Hedge funds ride Chinese stocks to best month in 14 years

Don't buy China here: Gartman

Many Western investors see China as a slowing giant, but traders in the region have used a more optimistic take to score huge profits.

Hedge funds that focus on Chinese stocks produced their biggest monthly gains in more than 14 years in April, thanks to increased access to local markets and expectations of government economic stimulus and business reforms, both of which caused equities to surge.

The AsiaHedge Chinese Long/Short Equity Index, which tracks hedge funds that pick local stocks, gained 16.58 percent net of fees in April, the best monthly gain since a 23.77 percent rise in March 2001, when more Chinese investors were allowed to access the stock market.

The average China hedge fund is now up an astounding 23.25 percent this year through April—versus a 2.76 percent rise for the HedgeFund Intelligence composite index—and is easily the best-performing strategy in the world.

"It's a question of the glass being half empty or half full," William Ma, Hong Kong-based deputy chief investment officer of Gottex Penjing Asset Management, said in an email. "Global allocators focus more on top-down macro like GDP slowdown in China, while domestic investors and managers are more optimistic from a bottom-up perspective."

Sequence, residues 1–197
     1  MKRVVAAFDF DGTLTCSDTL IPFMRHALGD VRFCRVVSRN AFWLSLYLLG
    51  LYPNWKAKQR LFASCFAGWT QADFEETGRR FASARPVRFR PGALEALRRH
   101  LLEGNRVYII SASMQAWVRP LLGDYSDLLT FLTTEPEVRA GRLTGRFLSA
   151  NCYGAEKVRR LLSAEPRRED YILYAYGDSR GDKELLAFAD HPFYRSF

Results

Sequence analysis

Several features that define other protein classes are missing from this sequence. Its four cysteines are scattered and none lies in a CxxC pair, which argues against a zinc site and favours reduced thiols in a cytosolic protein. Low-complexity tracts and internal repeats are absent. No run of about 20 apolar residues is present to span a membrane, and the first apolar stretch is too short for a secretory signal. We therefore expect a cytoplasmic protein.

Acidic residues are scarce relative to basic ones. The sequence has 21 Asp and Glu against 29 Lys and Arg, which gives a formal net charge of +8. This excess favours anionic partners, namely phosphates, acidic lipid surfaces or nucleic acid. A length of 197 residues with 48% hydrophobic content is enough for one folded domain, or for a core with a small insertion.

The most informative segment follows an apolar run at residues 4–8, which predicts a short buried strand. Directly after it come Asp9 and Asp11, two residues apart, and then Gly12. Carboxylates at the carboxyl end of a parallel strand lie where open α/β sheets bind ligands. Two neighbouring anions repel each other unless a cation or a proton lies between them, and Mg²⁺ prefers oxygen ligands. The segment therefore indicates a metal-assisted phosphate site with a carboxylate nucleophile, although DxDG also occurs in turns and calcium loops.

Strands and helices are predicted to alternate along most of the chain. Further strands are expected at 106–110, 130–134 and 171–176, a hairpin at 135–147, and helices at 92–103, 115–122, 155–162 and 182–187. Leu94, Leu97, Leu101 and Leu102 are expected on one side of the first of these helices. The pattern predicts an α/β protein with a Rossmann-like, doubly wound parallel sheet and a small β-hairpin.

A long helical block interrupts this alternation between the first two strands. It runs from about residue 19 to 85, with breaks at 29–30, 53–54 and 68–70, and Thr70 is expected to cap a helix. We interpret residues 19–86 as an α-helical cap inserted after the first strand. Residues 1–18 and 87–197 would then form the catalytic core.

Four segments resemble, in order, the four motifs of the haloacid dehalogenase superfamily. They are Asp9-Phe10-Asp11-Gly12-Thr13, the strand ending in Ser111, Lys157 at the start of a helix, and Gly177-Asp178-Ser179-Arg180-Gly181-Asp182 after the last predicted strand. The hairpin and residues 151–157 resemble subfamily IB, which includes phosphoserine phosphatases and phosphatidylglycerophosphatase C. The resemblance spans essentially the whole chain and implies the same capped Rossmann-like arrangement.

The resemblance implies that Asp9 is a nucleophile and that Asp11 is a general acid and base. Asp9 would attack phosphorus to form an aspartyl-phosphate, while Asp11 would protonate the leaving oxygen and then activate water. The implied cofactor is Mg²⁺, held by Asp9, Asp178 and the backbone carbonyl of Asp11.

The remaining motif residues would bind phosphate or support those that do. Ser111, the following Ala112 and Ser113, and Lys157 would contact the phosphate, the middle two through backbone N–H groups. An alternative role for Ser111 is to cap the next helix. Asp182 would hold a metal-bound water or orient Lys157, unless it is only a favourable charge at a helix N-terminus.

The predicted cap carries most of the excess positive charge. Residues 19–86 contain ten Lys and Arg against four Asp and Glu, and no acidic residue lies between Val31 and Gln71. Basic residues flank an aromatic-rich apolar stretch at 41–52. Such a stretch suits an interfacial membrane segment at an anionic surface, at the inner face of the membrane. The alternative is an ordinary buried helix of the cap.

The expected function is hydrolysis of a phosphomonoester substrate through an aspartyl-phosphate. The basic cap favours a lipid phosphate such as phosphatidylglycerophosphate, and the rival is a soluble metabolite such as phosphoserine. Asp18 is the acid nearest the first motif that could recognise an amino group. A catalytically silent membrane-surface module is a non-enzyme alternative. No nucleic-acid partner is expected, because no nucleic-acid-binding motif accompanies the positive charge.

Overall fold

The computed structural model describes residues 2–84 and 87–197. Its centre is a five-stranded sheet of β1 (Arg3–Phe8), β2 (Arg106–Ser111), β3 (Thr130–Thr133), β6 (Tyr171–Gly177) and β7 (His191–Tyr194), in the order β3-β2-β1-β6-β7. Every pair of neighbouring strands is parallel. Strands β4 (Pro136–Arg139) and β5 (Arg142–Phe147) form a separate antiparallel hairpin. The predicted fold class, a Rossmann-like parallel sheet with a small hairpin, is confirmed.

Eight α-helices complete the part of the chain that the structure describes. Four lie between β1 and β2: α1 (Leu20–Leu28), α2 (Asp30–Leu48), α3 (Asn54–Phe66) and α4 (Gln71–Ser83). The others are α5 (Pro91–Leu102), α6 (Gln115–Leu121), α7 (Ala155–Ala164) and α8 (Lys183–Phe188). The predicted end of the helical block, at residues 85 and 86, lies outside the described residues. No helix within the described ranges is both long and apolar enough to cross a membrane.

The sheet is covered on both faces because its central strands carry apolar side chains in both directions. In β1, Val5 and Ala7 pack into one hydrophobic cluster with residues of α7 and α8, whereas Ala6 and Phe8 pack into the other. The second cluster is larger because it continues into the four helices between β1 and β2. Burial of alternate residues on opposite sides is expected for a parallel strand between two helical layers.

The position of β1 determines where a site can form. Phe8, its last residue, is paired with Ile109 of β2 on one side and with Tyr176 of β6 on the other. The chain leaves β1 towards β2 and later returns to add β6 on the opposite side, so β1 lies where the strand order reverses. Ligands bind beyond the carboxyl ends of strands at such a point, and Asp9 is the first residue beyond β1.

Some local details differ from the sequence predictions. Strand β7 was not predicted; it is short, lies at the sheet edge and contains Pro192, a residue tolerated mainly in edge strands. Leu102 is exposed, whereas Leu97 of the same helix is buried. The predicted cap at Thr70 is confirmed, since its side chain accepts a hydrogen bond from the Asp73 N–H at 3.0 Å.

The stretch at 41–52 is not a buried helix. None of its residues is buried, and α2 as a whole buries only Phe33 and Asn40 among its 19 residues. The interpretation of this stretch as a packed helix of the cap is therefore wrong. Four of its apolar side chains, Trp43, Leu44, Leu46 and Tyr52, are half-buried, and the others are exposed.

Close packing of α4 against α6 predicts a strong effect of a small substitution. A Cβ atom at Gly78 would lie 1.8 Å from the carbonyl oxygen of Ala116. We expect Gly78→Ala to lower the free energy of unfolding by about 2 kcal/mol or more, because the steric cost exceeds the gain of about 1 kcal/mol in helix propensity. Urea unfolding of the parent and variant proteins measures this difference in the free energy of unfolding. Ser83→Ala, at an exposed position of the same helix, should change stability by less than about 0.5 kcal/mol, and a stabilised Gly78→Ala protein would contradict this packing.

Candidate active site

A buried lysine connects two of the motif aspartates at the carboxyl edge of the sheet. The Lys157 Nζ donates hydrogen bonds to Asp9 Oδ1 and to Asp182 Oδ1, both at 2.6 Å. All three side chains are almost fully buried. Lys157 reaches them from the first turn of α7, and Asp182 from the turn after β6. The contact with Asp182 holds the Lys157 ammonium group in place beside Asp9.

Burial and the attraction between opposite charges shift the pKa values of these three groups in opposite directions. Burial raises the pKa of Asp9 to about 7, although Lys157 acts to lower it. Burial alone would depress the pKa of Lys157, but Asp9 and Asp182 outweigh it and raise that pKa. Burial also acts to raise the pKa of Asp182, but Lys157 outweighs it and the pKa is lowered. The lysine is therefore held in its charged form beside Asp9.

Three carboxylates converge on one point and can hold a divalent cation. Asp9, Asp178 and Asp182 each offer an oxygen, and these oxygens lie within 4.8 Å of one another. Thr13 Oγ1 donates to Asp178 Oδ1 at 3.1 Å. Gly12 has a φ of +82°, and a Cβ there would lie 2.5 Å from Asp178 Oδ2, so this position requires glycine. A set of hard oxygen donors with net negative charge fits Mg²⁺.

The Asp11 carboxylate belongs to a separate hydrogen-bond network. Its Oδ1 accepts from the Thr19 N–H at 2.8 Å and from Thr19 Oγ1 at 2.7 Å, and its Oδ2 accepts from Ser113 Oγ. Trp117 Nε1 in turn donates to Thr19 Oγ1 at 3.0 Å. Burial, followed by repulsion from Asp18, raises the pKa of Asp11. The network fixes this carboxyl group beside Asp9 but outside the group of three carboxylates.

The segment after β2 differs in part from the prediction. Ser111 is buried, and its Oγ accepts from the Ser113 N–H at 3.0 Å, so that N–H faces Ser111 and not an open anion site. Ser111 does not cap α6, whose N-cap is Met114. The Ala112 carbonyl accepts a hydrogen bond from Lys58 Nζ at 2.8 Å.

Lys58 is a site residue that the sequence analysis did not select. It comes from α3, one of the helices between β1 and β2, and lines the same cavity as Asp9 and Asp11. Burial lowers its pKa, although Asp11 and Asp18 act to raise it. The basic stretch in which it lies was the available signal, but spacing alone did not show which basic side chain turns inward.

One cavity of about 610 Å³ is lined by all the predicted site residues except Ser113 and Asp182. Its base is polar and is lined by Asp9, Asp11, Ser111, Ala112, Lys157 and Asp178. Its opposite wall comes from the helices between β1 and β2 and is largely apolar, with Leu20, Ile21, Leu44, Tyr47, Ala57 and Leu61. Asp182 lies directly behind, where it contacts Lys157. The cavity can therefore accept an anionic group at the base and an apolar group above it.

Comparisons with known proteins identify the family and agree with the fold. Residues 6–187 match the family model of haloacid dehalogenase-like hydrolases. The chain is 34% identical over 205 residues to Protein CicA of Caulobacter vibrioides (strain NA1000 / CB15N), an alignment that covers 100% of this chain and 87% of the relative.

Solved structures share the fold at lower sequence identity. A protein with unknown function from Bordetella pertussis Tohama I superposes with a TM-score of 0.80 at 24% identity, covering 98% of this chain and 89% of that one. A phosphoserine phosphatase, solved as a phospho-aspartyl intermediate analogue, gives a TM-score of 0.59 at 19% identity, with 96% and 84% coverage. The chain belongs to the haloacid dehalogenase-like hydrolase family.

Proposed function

Ma and other hedge fund industry observers cite several factors for the huge gains.

Those include recently reduced interest rates by the People's Bank of China; increased market openness through the government reform of state-owned enterprises; and huge new investment flows through the Shanghai-Hong Kong Stock Connect program, which increased access for international investors to local shares and recently opened to Chinese mutual funds.